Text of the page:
Readers overwhelmingly feel contract negotiations between and the Teachers Union should include provisions in regular classrooms.
Of the 220 people who responded, 211 want to see the teachers bargain over this issue while nine were opposed. The story which spawned this article drew 57 comments from readers but the story published with the poll drew only three comments.
All of those comments supported the needs of special education students though Mara Meyer took exception to the poll question itself. She believes the resources regular education teachers get in their classroom for students with special needs is inadequate.
“The issue is not the placement of students with special needs in the general education classroom,” Meyer wrote. “The issue is the amount of support these students and the general education teachers are receiving with a skeleton crew. This District has a long history of avoiding the obvious necessities of the students in need of instructional support.”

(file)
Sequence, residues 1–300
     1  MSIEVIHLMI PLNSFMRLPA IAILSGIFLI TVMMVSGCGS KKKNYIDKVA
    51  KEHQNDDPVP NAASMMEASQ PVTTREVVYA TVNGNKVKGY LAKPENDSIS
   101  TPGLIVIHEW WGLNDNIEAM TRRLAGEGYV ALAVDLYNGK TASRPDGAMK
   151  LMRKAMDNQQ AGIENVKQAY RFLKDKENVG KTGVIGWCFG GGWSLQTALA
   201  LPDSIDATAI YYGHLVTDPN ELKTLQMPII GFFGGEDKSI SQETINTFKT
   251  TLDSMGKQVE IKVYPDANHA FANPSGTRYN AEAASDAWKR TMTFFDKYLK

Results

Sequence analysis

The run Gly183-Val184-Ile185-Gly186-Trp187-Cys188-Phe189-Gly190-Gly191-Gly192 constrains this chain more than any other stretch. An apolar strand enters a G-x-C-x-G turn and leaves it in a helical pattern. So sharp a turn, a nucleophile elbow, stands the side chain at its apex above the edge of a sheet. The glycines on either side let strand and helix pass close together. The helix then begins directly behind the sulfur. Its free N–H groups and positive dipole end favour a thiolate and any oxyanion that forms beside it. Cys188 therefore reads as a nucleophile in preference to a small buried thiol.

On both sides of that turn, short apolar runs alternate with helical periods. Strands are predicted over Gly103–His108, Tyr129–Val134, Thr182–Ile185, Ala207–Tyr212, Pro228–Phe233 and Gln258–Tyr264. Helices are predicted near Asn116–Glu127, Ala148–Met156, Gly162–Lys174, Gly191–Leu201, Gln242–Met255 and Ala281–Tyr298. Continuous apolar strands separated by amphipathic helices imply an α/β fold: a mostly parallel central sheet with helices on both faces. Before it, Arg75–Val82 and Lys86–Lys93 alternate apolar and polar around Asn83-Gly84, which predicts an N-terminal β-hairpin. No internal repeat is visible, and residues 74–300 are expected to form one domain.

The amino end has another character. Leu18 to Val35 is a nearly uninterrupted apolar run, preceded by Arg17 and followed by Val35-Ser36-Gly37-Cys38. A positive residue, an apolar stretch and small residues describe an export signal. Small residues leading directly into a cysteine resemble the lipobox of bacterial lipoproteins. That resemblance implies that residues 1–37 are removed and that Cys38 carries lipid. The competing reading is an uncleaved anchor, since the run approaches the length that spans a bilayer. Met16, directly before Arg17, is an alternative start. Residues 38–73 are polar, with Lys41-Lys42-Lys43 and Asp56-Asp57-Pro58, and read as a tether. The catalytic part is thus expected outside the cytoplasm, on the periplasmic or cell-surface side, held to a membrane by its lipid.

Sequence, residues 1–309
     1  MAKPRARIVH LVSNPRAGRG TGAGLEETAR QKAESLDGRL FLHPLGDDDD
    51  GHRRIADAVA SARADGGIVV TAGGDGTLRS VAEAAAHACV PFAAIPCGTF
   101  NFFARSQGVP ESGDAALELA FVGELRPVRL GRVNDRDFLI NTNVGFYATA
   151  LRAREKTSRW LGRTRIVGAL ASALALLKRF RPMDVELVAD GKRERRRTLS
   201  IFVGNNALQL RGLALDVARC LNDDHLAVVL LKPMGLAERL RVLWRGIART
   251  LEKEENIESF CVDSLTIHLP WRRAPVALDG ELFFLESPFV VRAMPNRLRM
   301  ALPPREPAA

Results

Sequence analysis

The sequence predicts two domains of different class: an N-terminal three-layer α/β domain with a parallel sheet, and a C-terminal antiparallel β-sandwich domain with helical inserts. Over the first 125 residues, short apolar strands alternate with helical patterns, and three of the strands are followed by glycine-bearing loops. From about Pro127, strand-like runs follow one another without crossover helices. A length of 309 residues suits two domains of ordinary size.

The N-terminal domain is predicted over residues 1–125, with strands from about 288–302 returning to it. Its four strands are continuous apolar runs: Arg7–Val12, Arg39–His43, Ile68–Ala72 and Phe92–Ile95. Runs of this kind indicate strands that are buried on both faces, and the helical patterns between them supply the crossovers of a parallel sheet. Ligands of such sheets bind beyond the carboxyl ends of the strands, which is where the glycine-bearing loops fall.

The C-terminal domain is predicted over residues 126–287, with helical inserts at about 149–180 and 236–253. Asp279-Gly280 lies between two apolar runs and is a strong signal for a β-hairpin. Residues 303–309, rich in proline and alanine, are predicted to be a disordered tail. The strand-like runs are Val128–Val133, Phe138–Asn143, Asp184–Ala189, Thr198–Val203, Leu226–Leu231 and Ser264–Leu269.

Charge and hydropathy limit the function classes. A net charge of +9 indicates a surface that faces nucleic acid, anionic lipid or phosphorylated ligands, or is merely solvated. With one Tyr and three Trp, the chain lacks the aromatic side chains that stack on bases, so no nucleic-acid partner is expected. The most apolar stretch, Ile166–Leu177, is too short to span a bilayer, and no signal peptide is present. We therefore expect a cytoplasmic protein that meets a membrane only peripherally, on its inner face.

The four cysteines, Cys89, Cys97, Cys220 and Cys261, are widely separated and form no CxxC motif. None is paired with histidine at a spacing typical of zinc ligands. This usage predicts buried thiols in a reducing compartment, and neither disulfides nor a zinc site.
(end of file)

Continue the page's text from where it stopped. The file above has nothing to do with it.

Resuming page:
As reported earlier in Patch, contends students with special needs are identified early in their educational journey and what they need for a good education is provided.
Robyn Whiteman supports the teachers’ position because she wants the best possible education for all students whether they are gifted, average or special needs.
“When we understand this, we can begin to see that what the teachers are asking for is not excessive; it is a gift” Whiteman writes. “It is a gift by wanting to teach them that they all matter, that they all have a chance to be their highest potential, and that they all fit in this world.”
Bob Mavet complains the administration is putting too much focus in gifted students at the expense of others. He hopes making special needs part of contract negotiations will benefit those who need services.
“This should be a topic of discussion in the course of negotiations between teachers and the district,” Mavet writes. “The teachers are professionals dedicated to providing proper services to ALL students and should not cater to board members who support shifting dollars away from special ed to gifted students.”